The current task on the stage is composed of several components,
including a loose stack, an ordered stack, and a selected windows set. The loose
stack is used for overlapped windows in much the same way as the current desktop
metaphor. These windows are mounted on stands to visually ground them to the
stage. Clicking on one of these windows will bring it forward to a selected
window position, replacing the current selected window.
The window manipulation controls are
used for moving windows around and placing them on various stacks. These
controls appear over the window banner when the user points to the banner.
Windows in the loose stack can be directly moved anywhere on the
stage, using a technique similar to Point of Interest object movement;
mouse movement controls movement in the plane perpendicular to the line of
sight, and the shift and control keys control movement toward or away from the
user. The ordered stack appears to the left of the stage, as shown in the overview
Users choose to place windows in the ordered stack to keep currently unused
windows organized (e.g., open email messages). If one of the windows on the
podium is moved, the stack is tidied to have a fixed distance between each
window. Clicking on a page in the ordered stack moves it to the selected window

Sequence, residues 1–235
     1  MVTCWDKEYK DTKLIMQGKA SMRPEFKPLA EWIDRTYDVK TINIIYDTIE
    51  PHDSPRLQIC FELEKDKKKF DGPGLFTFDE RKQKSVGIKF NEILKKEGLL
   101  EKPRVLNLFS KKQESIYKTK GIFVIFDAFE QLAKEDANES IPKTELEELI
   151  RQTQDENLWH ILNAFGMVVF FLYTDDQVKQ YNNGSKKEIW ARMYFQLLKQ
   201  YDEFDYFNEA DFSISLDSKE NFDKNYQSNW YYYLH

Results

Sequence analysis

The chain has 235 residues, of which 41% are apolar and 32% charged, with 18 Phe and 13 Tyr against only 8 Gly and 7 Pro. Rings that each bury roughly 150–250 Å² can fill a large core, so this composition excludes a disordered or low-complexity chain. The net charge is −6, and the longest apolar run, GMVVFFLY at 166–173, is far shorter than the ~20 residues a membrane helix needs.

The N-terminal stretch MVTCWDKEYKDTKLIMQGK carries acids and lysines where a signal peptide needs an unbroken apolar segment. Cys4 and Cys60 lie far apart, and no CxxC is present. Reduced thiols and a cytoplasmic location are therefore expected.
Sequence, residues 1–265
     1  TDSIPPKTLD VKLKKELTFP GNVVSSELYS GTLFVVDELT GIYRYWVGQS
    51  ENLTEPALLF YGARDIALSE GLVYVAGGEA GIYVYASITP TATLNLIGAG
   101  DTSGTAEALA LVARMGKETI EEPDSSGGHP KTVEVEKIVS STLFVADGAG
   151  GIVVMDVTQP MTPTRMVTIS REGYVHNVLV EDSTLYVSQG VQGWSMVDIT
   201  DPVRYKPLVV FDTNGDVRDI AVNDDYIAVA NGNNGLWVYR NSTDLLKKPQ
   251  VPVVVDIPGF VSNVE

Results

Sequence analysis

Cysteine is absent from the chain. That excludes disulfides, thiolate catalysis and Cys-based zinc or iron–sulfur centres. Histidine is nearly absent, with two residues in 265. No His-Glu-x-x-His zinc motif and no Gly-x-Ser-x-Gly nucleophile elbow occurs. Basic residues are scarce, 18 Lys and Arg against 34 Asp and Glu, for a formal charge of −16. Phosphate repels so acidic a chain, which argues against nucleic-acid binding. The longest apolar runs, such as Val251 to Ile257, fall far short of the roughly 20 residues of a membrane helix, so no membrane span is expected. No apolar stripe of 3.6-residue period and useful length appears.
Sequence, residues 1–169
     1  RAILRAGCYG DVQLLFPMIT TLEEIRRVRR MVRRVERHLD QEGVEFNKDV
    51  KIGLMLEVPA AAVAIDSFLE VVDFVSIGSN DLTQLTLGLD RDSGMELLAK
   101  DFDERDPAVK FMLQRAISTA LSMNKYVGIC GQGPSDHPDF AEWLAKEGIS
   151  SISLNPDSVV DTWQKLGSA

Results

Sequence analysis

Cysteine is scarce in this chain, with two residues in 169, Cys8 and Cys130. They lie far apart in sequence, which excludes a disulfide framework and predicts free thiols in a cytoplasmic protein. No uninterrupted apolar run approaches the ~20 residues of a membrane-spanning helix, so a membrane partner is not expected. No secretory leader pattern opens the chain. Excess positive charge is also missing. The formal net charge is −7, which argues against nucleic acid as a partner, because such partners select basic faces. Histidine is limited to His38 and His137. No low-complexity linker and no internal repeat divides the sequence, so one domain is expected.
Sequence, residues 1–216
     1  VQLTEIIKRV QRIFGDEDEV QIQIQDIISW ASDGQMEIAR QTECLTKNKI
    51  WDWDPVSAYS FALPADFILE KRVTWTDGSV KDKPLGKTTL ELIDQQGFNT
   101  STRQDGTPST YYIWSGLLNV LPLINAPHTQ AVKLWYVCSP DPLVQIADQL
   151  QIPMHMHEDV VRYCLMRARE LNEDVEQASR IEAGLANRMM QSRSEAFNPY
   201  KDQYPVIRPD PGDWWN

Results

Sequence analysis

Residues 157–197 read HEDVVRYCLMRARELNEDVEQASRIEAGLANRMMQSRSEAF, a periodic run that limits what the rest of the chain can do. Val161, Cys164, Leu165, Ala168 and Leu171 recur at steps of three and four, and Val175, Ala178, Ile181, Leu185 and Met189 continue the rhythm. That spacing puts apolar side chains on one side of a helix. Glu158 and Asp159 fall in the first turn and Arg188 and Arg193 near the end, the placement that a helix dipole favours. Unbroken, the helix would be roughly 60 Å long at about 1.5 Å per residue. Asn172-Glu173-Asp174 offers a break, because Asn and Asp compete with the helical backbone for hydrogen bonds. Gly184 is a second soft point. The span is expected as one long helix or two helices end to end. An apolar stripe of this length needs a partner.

region. When windows are selected, the system moves them closer to the user for
greater legibility. Multiple windows can be selected using the "Add to
Selection" icon as shown in the picture
of the window controls. Each time a window is added, an automatic
layout moves the windows so they are all visible side by side.
windows in the Loose Stack (no windows selected)
Traditional window managers force users to rearrange windows constantly, bring them forward, send them back, resize them, scroll the contents,
and iconify them -- all in an effort to simultaneously see related information
from multiple windows. Unlike
tiled window managers that crop windows and may force users to scroll, this
operation does not affect what is visible in selected windows. Thus we use
distance in 3D to provide uniform scaling in an intuitive way.
(traditional window manager)
("Elastic Windows" U of Maryland)